This post is an email from Domingo T. Ligot:
In his book entitled “The Tipping Point” Malcolm Gladwell wrote about a campaign slogan a long time ago about cigarettes which read “Winstons taste good like a cigarette should”. Slogans like these are coined by highly paid experts employed by advertising agencies who sell their services to anyone wishing to promote something like an item or product for sale including a candidate seeking public office. Mr. Gladwell recounts that the Winston slogan successfully “stuck” in the minds of cigarette smokers in America first then the rest of the smoking world that steadily Winston started to gain ground and eventually begun to outsell its competition like Philip Morris, L&M, and other brands. It goes without saying that the study and coining of effective slogans certainly requires an understanding of its target market. The market for Winston cigarettes and its competitors Philip Morris and L&M clearly would be a higher strata of the smoking public than perhaps smokers of Bataan Matamis, Gold Coin, and Fighter, local cigarette brands then that were cheaper (1/2 the price of Winston etc. or cheaper for those who still remember) so that the slogan for Winston must appeal to a more sophisticated motivation to choose this cigarette from its competitors than slogans promoting the cheaper cigarettes. It will not be unusual therefore to find slogans aimed at lower strata markets like the poor sounding unsophisticated, inane, and ridiculously simple because, lets face it, they would’nt be able to understand or appreciate a sophisticated slogan anyway. (Do you recall a sound bite for Bataan Matamis that aired over the AM radio many years back which even sounded like a “ngo-ngo” speaking? The idea perhaps was to promote Bataan Matamis to the real poor even a “ngo-ngo” who is a ridiculed but amusing fellow likes it). An ad agency which does not know or appreciate this basic reality will fail in its business.
With the foregoing as background let us now examine certain political slogans of the recent past. Candidate Joseph “Erap” Estrada used the slogan “Erap Para sa Mahirap” when he won the presidency and more recently candidate Noynoy Aquino had the slogan “Kung Walang Corrupt Walang Mahirap” when he won the presidency. Glaringly common in the two slogans is the word “Mahirap” betraying that the target of both slogans are, you guessed it, the “Mahirap” or poor. Going back to the Winston slogan analysis above, it makes sense that when your target market for a slogan are the lower strata of society it must by necessity sound inane and ridiculously simple otherwise it will not be effective or, in the words of Malcolm Gladwell, it will not “stick”. If we are to ask their promoters whether the candidates sincerely believed or meant what their slogans said, we will probably just get a shrug and a “who cares they won did’nt they” retort. But unfortunately the “Mahirap” will swallow these slogans as true albeit inane and insincere, just look at how Erap remains popular among the poor despite his shenanigans while he was in office, and in the case of President Noynoy you can see how the poor currently resonate with his supposed anti corrupt campaign they have become like mindless hooligans out to lynch GMA at whatever cost. The lamentable thing however is many of those who should know better ride on this ignorance and instead of promoting calm and orderliness they serve like rah-rah boys egging the poor to proceed in their mob mentality (Recall who were on platforms with microphones egging the “masa” to invade Malacanang during the so-called EDSA III and those now in congress, especially the party list kind, and priests who love to run and those who love to appear in media every chance they get who are dressed and speak nowhere near being poor). Are the poor really in the hearts and minds of these powerful people, are they concerned that the poor are just being exposed to more harm than good? Who cares, they won didn’t they!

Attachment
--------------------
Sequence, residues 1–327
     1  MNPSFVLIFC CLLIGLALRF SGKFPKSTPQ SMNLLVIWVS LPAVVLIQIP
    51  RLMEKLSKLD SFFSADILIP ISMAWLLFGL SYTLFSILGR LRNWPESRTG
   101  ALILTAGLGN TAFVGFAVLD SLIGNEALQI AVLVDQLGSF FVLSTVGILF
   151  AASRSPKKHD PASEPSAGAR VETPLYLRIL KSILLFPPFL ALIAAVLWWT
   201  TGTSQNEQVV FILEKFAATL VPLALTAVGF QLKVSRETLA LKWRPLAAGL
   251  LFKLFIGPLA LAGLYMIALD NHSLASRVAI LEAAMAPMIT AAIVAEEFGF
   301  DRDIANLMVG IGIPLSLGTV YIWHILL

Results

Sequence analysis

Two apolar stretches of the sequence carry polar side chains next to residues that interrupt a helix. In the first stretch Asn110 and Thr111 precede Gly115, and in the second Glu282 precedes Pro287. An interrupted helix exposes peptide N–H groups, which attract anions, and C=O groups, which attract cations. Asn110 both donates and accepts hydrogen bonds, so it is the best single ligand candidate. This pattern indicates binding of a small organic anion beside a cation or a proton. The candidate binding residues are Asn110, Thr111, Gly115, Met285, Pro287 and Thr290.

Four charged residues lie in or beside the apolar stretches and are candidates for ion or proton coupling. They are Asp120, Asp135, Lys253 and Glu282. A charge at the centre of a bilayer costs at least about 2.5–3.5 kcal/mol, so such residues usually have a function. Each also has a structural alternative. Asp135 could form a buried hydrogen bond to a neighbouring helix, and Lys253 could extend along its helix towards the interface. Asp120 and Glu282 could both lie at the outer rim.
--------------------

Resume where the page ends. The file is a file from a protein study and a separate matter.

The ad agency and the expert who came out with the slogans must have gotten a hefty bonus and a rousing celebration after the elections for coming up with the winning slogan, now they rest until the next election, that is simply how it works.
Domingo is a retired lawyer from the Philippines. He has worked in various capacities as a lawyer in both the private sector and Philippine government.